President Donald Trump’s administration has signaled a new policy approach that could completely remake the U.S. Federal Communications Commission (FCC), and reverse “net neutrality rules” intended to help keep the playing field level for online entrepreneurs and businesses.
FCC’s net neutrality regulations
The landmark “net neutrality” rules were established during the Obama administration back in early 2015. The rules classified the internet as a public utility and sought to impose restrictions on internet service providers (ISPs) to prevent them from throttling and discriminating against certain types of content like streaming. The rules were also designed to prevent ISPs from engaging in what some see as unfair business arrangements in which companies pay the ISPs a premium to have their traffic prioritized.
Under the presidency of Barack Obama and leadership of former FCC chairman Tom Wheeler, the federal agency took bold steps to ensure an open and free internet. The FCC required service providers to treat all internet data equally regardless of the source, and without favoring or blocking particular products or websites.
However, with a new administration taking over the White House, things appear poised to change. The incoming FCC chairman, Ajit Pai, who is a former Verizon lawyer, said he plans to reverse many of the agency’s “Open Internet Order” policies established during the Obama era.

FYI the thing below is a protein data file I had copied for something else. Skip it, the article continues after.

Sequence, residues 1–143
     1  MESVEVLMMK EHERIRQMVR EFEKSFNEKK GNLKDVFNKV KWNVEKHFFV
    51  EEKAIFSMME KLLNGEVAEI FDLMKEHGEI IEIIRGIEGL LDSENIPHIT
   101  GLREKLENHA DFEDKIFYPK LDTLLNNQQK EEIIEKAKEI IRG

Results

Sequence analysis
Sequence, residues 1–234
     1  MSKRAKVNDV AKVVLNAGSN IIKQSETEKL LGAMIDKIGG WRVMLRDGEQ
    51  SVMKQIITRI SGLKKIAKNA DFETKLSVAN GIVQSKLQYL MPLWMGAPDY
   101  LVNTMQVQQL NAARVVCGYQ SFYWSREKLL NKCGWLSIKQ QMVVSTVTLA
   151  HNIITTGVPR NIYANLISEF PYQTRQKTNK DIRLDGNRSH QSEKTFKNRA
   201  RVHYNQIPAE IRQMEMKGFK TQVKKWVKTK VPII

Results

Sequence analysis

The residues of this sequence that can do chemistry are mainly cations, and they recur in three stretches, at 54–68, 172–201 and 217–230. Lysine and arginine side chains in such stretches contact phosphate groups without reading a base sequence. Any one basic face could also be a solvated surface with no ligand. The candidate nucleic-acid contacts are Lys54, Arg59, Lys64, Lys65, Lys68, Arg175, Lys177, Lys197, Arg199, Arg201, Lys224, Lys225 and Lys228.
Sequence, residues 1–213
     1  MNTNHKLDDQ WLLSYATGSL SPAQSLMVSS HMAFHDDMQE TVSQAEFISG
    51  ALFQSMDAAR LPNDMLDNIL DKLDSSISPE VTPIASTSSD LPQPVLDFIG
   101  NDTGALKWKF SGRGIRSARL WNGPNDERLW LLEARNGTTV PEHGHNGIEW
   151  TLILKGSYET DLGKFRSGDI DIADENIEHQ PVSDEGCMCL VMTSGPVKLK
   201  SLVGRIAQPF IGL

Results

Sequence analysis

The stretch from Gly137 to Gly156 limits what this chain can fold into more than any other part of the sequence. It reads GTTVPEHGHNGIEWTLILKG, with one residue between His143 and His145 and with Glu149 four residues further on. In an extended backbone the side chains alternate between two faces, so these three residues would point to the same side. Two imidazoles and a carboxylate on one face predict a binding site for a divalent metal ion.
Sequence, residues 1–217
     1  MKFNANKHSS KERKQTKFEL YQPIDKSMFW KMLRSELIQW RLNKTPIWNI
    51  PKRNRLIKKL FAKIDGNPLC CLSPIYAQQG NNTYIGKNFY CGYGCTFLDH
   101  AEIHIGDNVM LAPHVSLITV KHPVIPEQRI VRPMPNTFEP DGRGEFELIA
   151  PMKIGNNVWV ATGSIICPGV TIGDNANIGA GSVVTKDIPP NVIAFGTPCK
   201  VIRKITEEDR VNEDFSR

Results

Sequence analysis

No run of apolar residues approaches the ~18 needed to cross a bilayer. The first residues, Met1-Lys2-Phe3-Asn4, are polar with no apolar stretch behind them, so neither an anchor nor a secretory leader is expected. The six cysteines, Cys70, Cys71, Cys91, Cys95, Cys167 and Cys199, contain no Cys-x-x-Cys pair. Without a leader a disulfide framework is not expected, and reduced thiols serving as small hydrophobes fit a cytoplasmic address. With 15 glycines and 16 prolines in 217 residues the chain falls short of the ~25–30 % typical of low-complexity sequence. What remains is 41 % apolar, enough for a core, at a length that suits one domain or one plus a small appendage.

The possibility of the hard-won net neutrality protections going away is causing many internet users, entrepreneurs and businesses to “freak out.”
Dismantling net neutrality
A pro-net neutrality internet activist attends a rally in Los Angeles, California, July 2014.
Dismantling net neutrality has been a longstanding priority for Republicans, and the incoming FCC chairman. Whereas Wheeler sought to restrict cable mergers and protect consumer privacy, Pai has suggested he will be more deferential to corporations in both cases.
In a letter in December, Pai wrote that he would “revisit ... the Title II Net Neutrality proceeding ... as soon as possible.” He also talked about the need to remove burdensome regulations in a speech delivered after Trump's electoral victory the same month.
"The regulatory underbrush at the FCC is thick,” Pai, 44, said. “We need to fire up the weed whacker and remove those rules that are holding back investment, innovation and job creation.”
What happens if net neutrality goes away?
Ellie Wheeler, a partner at venture capital firm Greycroft Partners, explained to CNBC that venture-capitalists are worried that start-ups won’t be treated equally or fairly without net neutrality rules.
“I think why people are freaking out is because what we all hope for—those of us that invest in technology—is for the same opportunity for the next Google and the next Netflix,” Wheeler said. “So that in the next 20 years, all of those companies that are upstarts have the same access, and the same ability to reach the end users.”
President Trump has said very little about his views on net neutrality, but his nomination of Pai who has been an FCC commissioner since 2012 suggests that he is on board with eliminating the regulations.
If Trump’s administration rolls back net neutrality rules, we’ll likely see new business models and video streaming products from the big ISPs like Comcast and Verizon. Upstart content providers, digital entrepreneurs and anyone trying to build things on the internet could struggle to compete.
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